If you find an eyebath stinging your eyes, add a few grains of salt so the liquid is brought up to the same concentration as tears and won’t sting.

If you are dealing with an eye infection, wash your hands with hot water and soap before and after treatment and ensure the patient has a set of towels for their own use. Every parent knows how fast an eye infection can pass around a family!

If you don’t have a set of eye baths, the bottom part of a tea-strainer can be used but it is too wide to be really effective.

The most common way to deliver herbal eye care is through a compress. This can be made from a scrap of material (preferably cotton), a circle of cotton wool (those sold to remove eye makeup can be useful) or a folded piece of kitchen towel. The compress is dipped in the herbal solution, squeezed to remove excess moisture (otherwise it runs down your neck!) then placed over each eye while you either lie in a prone position, or sit with your head back (so the compress doesn’t fall off!) for fifteen minutes of more.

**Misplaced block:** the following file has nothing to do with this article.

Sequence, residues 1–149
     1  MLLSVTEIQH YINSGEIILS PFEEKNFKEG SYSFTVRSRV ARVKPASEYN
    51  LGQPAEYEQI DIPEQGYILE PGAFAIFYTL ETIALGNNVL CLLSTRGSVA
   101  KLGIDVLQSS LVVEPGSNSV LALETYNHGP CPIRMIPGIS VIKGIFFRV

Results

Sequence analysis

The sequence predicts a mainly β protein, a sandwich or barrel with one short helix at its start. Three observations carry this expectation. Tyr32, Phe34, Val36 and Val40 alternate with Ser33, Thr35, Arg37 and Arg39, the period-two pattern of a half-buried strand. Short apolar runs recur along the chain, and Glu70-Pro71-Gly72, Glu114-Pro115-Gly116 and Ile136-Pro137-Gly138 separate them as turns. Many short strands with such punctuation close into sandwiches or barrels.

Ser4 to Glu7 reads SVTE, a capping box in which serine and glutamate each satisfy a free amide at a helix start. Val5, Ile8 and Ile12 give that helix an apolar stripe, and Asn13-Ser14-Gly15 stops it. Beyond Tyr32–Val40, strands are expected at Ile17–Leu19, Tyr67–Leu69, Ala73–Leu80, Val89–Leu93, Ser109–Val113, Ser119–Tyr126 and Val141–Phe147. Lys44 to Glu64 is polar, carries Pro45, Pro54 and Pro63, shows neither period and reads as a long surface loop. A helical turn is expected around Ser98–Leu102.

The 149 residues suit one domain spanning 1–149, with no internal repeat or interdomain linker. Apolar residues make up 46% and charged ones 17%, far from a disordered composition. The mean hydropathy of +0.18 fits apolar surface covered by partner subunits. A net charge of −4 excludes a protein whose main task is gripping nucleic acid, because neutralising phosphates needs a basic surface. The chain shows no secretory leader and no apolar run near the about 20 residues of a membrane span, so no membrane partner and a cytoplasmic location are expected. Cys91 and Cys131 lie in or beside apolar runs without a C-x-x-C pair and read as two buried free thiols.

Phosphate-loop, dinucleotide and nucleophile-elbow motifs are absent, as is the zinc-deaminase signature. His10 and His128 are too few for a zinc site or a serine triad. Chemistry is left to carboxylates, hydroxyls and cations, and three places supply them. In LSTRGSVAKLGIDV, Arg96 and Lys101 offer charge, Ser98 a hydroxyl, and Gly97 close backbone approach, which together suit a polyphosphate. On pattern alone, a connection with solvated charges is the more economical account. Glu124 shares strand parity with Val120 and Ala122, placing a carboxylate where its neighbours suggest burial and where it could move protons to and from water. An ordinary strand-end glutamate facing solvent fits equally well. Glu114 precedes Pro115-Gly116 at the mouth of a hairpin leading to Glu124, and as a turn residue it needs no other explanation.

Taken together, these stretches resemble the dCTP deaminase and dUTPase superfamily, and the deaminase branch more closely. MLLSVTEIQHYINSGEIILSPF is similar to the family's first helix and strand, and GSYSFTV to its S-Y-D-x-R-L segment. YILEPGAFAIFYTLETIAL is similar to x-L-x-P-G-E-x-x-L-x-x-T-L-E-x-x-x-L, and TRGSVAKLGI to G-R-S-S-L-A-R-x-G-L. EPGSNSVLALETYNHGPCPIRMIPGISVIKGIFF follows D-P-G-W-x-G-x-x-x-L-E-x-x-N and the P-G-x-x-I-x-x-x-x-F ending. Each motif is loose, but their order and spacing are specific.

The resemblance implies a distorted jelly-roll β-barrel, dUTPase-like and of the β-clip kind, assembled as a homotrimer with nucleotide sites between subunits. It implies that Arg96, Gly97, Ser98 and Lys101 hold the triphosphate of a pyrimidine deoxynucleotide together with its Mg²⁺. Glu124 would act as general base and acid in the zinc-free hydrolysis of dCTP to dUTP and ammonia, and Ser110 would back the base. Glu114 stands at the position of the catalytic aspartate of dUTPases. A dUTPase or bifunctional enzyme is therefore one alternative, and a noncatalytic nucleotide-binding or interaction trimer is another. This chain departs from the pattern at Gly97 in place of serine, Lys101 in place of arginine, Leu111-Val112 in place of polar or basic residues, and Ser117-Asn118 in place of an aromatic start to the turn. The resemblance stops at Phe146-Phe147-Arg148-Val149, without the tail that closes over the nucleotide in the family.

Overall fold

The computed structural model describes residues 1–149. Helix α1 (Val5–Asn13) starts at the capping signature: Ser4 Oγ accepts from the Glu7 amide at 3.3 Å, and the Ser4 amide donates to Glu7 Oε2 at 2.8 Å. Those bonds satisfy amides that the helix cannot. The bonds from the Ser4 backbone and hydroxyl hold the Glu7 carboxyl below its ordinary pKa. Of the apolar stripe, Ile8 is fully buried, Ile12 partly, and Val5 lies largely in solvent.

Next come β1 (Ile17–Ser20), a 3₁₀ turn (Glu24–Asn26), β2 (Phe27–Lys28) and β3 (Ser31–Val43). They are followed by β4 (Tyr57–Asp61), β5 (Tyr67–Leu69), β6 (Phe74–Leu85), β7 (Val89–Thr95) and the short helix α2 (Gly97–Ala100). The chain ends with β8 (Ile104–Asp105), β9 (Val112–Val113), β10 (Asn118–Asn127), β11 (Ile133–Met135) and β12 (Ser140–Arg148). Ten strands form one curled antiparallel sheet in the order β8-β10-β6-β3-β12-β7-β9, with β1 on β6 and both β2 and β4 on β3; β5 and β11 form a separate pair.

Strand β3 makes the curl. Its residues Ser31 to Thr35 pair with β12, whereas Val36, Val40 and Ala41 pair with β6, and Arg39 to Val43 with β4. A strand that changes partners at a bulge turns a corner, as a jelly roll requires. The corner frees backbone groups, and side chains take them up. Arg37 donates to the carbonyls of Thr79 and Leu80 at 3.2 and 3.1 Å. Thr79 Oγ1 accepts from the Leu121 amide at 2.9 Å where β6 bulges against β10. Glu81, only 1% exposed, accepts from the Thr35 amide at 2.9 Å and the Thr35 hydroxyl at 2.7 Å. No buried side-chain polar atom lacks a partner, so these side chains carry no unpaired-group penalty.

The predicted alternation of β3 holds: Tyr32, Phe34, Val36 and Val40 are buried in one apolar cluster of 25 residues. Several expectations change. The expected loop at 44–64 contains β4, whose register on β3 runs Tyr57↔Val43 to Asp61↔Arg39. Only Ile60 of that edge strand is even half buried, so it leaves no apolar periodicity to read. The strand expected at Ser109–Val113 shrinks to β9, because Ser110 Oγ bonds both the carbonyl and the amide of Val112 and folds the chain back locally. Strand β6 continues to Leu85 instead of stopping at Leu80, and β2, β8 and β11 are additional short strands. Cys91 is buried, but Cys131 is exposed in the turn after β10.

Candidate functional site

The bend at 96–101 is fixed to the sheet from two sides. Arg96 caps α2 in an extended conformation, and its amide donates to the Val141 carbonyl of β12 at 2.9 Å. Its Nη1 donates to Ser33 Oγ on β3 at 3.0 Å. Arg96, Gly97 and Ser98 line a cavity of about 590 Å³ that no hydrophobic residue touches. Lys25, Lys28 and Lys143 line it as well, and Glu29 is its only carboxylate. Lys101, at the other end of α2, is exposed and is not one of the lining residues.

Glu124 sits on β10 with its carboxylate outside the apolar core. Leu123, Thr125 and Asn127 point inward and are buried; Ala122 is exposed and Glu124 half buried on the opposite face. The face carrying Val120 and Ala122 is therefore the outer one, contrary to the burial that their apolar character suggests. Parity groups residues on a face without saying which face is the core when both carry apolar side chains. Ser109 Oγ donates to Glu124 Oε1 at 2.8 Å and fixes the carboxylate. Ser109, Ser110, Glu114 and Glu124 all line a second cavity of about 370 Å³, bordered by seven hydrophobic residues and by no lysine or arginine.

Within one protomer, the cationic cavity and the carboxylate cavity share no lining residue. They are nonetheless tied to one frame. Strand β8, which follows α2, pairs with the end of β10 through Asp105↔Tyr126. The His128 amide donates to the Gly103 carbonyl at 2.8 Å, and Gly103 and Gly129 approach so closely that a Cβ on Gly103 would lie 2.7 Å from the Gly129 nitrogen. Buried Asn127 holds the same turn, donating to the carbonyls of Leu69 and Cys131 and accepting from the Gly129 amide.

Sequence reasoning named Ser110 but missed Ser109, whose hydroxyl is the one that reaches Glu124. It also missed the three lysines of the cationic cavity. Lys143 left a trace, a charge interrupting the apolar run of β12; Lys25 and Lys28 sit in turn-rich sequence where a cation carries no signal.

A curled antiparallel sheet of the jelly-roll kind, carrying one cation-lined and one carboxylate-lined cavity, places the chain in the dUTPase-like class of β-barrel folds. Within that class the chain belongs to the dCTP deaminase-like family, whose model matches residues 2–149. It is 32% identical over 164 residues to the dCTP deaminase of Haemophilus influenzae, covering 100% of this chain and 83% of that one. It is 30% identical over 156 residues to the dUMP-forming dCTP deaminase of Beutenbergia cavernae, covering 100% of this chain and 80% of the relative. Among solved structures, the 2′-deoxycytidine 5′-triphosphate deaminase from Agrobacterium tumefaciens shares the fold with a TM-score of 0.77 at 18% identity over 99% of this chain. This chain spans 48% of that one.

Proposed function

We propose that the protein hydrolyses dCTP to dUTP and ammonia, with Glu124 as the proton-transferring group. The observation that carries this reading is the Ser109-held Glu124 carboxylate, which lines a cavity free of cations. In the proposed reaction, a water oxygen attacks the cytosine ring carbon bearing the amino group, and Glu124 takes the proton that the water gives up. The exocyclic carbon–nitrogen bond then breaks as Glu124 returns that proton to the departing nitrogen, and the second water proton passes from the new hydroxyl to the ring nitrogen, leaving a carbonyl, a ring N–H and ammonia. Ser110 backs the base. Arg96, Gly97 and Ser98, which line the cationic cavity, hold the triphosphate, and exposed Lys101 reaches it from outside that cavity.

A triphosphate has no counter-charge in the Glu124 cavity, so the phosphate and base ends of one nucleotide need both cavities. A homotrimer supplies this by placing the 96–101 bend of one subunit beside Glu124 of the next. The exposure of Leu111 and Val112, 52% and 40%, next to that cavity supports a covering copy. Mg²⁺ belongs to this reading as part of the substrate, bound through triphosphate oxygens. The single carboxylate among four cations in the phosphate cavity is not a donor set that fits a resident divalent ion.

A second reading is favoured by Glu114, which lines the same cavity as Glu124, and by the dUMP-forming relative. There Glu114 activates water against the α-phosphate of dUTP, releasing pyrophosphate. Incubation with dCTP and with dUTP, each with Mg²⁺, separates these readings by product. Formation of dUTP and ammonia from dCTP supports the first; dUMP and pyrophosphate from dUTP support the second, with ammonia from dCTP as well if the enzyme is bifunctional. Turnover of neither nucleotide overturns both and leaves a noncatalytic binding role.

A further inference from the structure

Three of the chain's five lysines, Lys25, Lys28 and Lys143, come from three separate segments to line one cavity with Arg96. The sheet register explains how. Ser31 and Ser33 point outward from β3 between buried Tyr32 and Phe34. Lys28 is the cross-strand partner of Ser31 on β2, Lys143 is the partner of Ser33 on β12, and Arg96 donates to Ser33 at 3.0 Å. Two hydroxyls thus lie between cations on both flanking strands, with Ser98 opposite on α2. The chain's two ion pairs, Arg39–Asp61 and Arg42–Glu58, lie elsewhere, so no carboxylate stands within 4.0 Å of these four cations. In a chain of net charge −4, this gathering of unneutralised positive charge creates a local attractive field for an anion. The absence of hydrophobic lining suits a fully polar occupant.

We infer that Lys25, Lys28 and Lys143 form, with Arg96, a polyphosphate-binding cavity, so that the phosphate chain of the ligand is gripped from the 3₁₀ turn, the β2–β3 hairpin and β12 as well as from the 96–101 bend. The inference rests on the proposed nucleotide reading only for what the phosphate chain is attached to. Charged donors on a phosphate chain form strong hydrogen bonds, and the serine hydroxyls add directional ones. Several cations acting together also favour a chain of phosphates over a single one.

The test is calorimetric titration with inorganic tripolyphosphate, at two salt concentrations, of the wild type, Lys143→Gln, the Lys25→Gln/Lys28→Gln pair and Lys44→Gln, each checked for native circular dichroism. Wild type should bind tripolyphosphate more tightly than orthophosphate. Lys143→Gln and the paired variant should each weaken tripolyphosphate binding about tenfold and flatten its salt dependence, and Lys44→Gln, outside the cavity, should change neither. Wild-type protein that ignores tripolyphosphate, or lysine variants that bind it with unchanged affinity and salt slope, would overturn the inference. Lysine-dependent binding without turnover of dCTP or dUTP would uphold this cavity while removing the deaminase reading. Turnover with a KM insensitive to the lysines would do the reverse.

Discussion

Herbal support for common eye conditions


The herb which everyone turns to for eye infections and inflammations, including conjunctivitis and blepharitis is eyebright (Euphrasia officinalis). It can be made into a tea by adding 1tsp of dried herb to 1 cup of boiling water then steep for ten to fifteen minutes before straining through several layers of muslin. When it has reached room temperature, pour it into an eyebath and use as a douche and drink the remainder as a cup of tea. It is not unpleasant.

If you don’t have access to dried eyebright, add 5-10 drops of eyebright tincture to an eyebath containing cooled, boiled water. If this stings your eye, reduce the amount of tincture. If using a drop dose it is always advisable to start with the least number and build up over time rather than going for the maximum dose first.

Do be aware that eyebright is astringent/drying, so if you are using it for any length of time you may need to introduce a mucilagenous herb such as marshmallow to counteract the effects.


Eyebright, chickweed and expressed breast milk applied externally can all be helpful in combatting eye infections. Support these remedies with antimicrobial herbs such as Echinacea, goldenseal, burdock, red clover and liquorice taken internally. These herbs will not only help combat infection but will also boost immunity and detoxify the system.

Itchy eyes